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911 Targa 4S 3.4 Exclusive Edition – 400 ch

Porsche 911 type 991 : les séries limitées et modèles uniques

La marque mythique de sportives allemandes made in Stuttgart est connue pour ses nombreuses séries limitées sur base de son modèle phare, la 911. La fin de carrière du type 991 est l’occasion pour nous de revenir sur les modèles en édition limitée de ce millésime.

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Video: A history of the Porsche 911 Targa

 

In 2017, the Porsche 911 Targa – the original open top Neunelfer – will reach its 50th birthday, a remarkable milestone for a model that was originally devised to meet safety regulations that were, ultimately, never implemented.

To celebrate the upcoming anniversary, we’ve decided to look back over the Targa’s half a century of history in our latest video, taking you through the evolution of the model from 1967 right through to the latest 991.2 Targa 4S.

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Our five-minute flick also stars a 1974 Porsche 911 Targa from esteemed specialist, Canford Classics, the original impact bumper iteration showing how the latest open-top Neunelfers has both changed and been inspired by Zuffenhausen’s iconic roll hoop design.

We’ve put the two idiosyncratic roof systems to the test too and, if you missed our road trip with the 991.2 version in Total 911 issue 142, Features Editor, Josh gives you his opinion from behind the wheel of the new 911 Targa to see if turbocharging has improved the alfresco driving experience.

For more of the latest and best Porsche 911 videos, check out our dedicated film section now.

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Official: 2017 Porsche 911 Targa 4S Exclusive Design Edition

Over the course of last weekend the AvD Oldtimer Grand Prix took place at the famous Nürburgring in the German Eifel. Porsche attended the oldtimer event as well and took the opportunity to reveal a special edition of their Porsche 911 Targa 4S: the new Exclusive Design Edition. The modern classic of the 911 range…

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Official: 2017 Porsche 911 Targa 4S Exclusive Design Edition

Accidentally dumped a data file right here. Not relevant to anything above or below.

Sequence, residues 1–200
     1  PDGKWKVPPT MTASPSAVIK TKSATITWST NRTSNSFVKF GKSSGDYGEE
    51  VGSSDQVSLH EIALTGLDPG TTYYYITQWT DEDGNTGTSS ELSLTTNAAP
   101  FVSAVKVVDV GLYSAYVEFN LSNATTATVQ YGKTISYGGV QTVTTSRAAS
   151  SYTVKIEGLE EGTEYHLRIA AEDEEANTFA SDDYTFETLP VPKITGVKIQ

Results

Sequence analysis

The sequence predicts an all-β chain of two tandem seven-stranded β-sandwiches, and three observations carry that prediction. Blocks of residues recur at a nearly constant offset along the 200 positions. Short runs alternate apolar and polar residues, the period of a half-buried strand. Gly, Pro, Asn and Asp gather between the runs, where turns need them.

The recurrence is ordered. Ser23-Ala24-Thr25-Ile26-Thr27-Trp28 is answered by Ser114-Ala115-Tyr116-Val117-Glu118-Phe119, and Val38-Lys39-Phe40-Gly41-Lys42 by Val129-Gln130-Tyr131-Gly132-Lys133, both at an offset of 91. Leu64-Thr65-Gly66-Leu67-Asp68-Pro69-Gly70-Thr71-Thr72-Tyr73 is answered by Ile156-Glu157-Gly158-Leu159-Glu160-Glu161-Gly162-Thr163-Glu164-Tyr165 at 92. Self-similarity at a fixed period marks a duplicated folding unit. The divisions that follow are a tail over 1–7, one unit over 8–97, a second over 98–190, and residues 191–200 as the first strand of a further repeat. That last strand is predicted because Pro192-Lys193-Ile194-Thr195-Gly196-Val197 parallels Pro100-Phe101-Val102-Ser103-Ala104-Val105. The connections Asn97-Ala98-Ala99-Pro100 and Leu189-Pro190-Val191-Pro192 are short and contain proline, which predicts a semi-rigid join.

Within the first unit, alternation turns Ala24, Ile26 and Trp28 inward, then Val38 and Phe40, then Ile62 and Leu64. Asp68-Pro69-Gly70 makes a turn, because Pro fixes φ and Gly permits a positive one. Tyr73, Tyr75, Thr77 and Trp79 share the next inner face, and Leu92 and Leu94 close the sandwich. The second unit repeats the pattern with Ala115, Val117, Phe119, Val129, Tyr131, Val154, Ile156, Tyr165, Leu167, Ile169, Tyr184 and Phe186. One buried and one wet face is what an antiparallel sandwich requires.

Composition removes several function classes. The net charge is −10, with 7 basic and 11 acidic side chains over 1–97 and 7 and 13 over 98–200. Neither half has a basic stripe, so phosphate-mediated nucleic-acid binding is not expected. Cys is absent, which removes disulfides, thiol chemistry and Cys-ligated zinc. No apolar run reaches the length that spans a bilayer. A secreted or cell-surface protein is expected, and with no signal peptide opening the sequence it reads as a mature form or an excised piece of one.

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Actualité : Porsche 911 Targa Exclusive Design Edition

Porsche Exclusive, le département personnalisation du constructeur de Stuttgart, va profiter du AvD Oldtimer Grand Prix qui se déroulera ce week-end…

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Evolution of the Porsche 911 Targa

There was always an open-top Porsche: Ferry’s first model was an open barchetta and if production realities soon dictated a closed design, it was only a couple of years before a convertible 356 appeared.

This was a vital model, especially in the US, for which Porsche’s gung-ho distributor Max Hoffman persuaded Zuffenhausen to build the Speedster, as featured in issue 128 of Total 911. By the late 1950s, consideration of the 356’s successor was in full swing at Porsche.

Between the competing designs of Erwin Komenda (Porsche’s long standing body engineer who saw himself as carrying the beacon for the late Professor Porsche), Ferry’s son Butzi who represented the first generation of automobile stylists, and Ferry’s own preferences, little thought was given to an open car.

Original 911 Targa

Moreover, high development costs of the 901 Coupé meant there was little in the way of budget left to invest in a convertible model.

The other concern at that time was the controversy in America, stirred up by Ralph Nader, about whether car manufacturers were putting users’ lives at risk with fundamentally unsafe cars.

In particular, the Chevrolet Corvair (a flat six rear engine design) had been singled out, as had the VW Microbus. In the general uncertainty, it was also unclear whether the US authorities were going to ban open cars. It was dissuasive enough: Porsche would develop an alternative to the Cabriolet which would be the birth of the Targa.

Porsche 991 Targa

Porsche’s experiments with open prototypes had already demonstrated that some sort of ‘roll hoop’ did manage to restore rigidity. Therefore, the ‘alternative cabrio’ would have this roll hoop and it became a question of what it would look like and how it would be incorporated.

Schröder, who had built 356 cabrios at Karmann, said that the most important detail at this stage was “to make this roll bar look right.” Having agreed on the aesthetics, they could then strengthen it as much as necessary.

To read the rest of our Porsche 911 Targa history, pick up issue 130 in store now. Alternatively, order your copy online for home delivery, or download it straight to your digital device.

Porsche 911 Targas

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